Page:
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Violin, viola and cello sizing: how to know if your child is playing the right size instrument

by Bows for Strings on

A topic that we are asked about frequently is instrument sizing. The question that parents of growing players want answered is, 'does my child need a bigger instrument?'

We pride ourselves on our sizing of young players in store, however to help you check the size of your instrument at home we have put together our easy to follow steps, including videos, for checking the size of your violin, viola or cello.

There are many approaches to determining the right size instrument, so we always recommend consulting with your teacher first to discuss their preferences. Below are our videos and tips on how we size players in our showroom.

Violin and viola sizing:  

  1. Ask the player to extend their arm gently
  2. Position the instrument at the base of their neck (in the playing position)
  3. Check where the scroll of the instrument meets the player's arm or hand
  4. If the scroll meets the player's hand anywhere from the middle of the palm to where the palm meets the wrist, then we suggest this is an appropriate size for a student to be playing.
  5. If the scroll goes beyond the palm to the fingers then we suggest that the instrument is too big and the player is not yet ready for this size*.
  6. If the scroll meets the player's arm roughly where a wrist watch would sit, then this instrument could be considered too small and so it is time to consider the next size up.

Cello sizing:

Before getting started, check the chair:

When attempting to achieve the correct playing position, remember that it's all in the chair.

Make sure your knees are below your hips with your legs slanted down, and that your feet are flat on the ground for a solid and comfortable base.

Now, seated in the correct position, you can go about checking the size of your cello with these three tests:

  1. Determine the right endpin length with these three check points: we are looking to extend the endpin so that the curve on the lower bout of the cello is sitting on the player's thigh, the upper bout should then be in contact with the player's sternum and the C peg should be sitting just below the ear. If you can't get all three of these check points to line up, then this means you are playing a cello that is too big or too small. (Watch the video for what it looks like to be playing a cello that is too small).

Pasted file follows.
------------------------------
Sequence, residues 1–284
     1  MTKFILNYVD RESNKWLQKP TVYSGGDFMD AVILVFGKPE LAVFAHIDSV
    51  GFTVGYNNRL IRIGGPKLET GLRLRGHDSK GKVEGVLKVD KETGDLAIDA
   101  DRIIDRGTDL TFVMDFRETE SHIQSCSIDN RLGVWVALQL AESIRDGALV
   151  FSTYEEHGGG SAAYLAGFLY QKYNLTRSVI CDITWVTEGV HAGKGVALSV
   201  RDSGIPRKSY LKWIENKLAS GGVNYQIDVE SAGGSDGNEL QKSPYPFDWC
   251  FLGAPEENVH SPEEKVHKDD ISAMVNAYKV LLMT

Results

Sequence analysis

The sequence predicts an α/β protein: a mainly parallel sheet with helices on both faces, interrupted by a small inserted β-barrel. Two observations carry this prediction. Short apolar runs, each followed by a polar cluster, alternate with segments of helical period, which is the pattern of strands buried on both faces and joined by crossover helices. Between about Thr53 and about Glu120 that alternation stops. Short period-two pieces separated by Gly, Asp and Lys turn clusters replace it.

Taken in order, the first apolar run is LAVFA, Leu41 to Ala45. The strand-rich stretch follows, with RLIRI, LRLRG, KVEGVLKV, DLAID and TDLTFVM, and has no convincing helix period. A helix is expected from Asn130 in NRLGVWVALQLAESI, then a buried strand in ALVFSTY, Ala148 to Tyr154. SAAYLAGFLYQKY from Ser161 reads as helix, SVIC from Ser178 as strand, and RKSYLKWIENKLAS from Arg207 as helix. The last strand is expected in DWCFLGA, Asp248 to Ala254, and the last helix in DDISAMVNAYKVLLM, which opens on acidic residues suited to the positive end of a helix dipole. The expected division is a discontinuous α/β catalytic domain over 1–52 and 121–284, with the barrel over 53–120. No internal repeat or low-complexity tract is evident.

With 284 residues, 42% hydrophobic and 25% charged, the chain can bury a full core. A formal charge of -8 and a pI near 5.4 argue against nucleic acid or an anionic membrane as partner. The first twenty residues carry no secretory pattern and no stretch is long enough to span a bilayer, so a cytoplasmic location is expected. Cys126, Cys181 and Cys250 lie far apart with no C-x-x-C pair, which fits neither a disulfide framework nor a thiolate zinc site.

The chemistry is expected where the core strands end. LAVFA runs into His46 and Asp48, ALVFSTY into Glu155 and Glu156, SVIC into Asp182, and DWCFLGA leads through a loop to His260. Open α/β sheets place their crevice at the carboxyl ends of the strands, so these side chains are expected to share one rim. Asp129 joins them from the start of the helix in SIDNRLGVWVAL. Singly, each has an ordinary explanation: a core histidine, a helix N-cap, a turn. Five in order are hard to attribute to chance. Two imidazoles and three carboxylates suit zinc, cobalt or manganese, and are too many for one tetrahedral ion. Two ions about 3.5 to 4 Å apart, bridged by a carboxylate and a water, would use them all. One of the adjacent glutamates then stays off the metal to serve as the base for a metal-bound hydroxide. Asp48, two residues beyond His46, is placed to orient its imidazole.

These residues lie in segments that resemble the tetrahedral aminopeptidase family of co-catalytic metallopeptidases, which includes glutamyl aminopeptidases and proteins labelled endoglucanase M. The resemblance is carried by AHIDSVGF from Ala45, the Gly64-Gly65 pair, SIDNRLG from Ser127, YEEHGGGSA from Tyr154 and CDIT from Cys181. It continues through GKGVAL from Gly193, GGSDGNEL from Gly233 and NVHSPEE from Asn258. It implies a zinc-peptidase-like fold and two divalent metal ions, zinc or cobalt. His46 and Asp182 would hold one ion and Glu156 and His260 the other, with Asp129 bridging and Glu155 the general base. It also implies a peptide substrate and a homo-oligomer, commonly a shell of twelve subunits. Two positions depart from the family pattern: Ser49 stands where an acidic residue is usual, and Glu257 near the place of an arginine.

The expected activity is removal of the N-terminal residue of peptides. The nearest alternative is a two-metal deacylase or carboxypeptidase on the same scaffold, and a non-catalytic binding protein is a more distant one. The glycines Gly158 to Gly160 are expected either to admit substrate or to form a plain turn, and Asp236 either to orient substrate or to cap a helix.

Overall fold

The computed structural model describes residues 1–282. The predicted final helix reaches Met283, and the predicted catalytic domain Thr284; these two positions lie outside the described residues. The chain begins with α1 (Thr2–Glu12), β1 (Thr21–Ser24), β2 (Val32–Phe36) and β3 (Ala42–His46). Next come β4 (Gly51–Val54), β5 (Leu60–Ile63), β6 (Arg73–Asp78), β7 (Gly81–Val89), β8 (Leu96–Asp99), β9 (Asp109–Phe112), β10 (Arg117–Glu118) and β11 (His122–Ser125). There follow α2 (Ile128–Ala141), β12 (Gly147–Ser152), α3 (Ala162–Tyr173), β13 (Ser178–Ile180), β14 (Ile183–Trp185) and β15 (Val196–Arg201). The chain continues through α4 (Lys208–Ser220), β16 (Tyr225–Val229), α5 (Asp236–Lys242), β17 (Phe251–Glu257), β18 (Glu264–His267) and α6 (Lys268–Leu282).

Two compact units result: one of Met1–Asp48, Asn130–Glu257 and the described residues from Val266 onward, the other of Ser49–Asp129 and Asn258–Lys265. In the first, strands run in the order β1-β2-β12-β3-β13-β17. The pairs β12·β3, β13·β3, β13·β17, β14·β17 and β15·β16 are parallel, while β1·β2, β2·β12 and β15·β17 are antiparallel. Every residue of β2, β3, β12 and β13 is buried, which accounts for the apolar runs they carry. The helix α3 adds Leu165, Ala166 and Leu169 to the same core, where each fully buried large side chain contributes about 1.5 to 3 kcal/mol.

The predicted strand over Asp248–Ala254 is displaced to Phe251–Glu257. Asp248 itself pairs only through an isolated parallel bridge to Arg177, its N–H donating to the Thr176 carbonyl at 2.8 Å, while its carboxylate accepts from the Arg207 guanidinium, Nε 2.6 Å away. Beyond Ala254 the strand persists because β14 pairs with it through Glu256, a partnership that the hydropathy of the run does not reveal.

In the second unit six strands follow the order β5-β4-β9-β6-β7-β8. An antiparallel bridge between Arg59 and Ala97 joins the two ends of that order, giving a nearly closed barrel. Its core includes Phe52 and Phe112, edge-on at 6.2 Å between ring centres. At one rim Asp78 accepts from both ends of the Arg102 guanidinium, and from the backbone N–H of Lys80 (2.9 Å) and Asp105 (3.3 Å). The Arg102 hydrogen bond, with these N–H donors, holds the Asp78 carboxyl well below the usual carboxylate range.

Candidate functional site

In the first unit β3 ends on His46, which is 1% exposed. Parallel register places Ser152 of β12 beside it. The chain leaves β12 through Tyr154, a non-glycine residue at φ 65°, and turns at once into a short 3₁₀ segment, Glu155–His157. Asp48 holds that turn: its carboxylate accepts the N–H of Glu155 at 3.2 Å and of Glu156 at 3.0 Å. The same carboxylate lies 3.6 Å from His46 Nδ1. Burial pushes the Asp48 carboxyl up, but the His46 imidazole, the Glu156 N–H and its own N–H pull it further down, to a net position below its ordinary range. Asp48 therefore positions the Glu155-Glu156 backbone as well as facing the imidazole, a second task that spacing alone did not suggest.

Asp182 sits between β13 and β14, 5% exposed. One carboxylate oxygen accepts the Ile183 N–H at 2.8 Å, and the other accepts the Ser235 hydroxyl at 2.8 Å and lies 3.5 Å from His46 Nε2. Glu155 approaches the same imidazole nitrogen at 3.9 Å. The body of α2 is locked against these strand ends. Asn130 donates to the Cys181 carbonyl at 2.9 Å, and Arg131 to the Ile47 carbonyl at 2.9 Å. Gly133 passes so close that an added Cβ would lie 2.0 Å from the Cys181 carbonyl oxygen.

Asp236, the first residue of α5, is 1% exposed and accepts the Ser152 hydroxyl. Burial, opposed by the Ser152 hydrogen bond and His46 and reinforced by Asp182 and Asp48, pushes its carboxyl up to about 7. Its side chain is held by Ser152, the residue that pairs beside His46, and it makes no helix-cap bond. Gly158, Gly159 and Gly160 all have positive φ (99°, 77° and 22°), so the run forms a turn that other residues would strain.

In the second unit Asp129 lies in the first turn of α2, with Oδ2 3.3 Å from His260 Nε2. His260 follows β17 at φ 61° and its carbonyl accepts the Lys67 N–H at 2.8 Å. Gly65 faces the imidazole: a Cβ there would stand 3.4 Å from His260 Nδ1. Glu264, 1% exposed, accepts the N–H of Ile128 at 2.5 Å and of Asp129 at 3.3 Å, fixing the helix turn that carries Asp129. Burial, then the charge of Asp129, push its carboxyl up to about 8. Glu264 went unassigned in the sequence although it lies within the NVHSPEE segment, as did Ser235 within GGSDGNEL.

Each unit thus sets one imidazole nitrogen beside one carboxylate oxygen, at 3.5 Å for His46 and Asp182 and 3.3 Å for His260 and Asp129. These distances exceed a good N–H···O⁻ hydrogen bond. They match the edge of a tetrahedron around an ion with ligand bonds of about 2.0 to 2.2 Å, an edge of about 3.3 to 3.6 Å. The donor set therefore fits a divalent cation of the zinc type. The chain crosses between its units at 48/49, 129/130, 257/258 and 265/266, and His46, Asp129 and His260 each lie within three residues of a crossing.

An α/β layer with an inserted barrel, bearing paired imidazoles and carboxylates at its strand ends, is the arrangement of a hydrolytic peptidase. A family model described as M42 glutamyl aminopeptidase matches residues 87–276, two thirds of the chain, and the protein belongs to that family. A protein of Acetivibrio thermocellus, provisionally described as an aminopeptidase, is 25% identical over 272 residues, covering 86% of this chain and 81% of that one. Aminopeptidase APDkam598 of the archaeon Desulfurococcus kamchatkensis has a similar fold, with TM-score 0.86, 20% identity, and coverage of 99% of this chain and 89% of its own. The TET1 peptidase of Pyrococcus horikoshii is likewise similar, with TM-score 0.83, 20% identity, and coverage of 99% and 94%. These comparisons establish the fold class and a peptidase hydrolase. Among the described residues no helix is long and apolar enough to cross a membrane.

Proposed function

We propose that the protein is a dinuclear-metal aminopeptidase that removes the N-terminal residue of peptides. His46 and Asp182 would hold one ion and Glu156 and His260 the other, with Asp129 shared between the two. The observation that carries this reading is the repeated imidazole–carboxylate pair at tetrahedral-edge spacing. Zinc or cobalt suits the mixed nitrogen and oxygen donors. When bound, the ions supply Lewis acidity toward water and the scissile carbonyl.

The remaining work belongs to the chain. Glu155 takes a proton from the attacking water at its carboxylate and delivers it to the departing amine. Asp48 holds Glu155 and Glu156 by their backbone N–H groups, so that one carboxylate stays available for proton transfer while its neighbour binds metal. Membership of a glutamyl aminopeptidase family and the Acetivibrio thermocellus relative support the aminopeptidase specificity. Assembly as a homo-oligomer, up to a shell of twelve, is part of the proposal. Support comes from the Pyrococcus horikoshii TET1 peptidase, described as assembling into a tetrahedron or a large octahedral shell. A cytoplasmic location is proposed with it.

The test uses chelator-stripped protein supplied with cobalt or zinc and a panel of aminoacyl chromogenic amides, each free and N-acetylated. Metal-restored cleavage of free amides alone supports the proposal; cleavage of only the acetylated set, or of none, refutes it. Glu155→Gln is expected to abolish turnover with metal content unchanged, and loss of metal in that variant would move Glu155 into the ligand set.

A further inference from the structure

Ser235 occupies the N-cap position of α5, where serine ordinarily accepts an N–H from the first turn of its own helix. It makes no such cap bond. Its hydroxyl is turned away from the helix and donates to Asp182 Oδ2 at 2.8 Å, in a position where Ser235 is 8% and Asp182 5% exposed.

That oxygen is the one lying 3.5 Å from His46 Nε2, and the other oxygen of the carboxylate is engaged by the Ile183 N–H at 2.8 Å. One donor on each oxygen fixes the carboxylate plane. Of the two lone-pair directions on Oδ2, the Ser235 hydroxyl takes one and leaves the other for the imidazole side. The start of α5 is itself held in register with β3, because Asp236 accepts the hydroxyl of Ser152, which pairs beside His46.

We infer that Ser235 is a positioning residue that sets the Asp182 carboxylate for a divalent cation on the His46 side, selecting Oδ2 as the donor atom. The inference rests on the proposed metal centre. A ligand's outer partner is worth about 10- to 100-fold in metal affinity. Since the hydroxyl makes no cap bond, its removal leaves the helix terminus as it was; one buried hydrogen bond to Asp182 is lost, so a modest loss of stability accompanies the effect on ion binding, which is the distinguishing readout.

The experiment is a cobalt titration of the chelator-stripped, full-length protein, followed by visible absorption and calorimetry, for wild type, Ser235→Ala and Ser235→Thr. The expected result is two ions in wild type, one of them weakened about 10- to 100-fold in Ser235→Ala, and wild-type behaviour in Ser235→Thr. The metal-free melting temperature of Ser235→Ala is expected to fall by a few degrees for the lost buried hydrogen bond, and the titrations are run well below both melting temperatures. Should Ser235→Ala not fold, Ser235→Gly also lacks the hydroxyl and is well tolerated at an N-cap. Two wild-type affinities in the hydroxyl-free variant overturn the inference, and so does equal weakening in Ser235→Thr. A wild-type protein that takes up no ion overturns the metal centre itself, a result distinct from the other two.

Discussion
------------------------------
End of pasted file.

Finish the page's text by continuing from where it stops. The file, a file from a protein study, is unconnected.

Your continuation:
2. Bow test: match the size of the bow to the cello (i.e. 1/2 size bow, 1/2 size cello), then place the bow on the A string at the heel and draw the bow all the way along the string to the tip. The arm should be only slightly bent when the bow reaches the tip. If the arm is fully extended, then the cello and bow are too big, and if the arm is very bent, then the cello and bow are too small.
  3. Standing test: the last check we perform is the standing test. Here the player should keep the endpin extended at the length determined in step one and then stand up next to the cello. The player should be taller than the cello in this position. If they are smaller than the cello then it's likely the cello will be too big for them and handling the cello will be an issue. The player should be comfortable moving the cello around, packing it up, and of course, taking it to lessons!

*Note: we always recommend playing a slightly smaller instrument over an instrument that is too big.

As always, we hope you find these tips for violin, viola and cello sizing useful. If you are unsure about the size of your instrument, or that of your child's, then please don't hesitate to drop into our showroom or give us a call on 03 8802 7905.

Happy playing!

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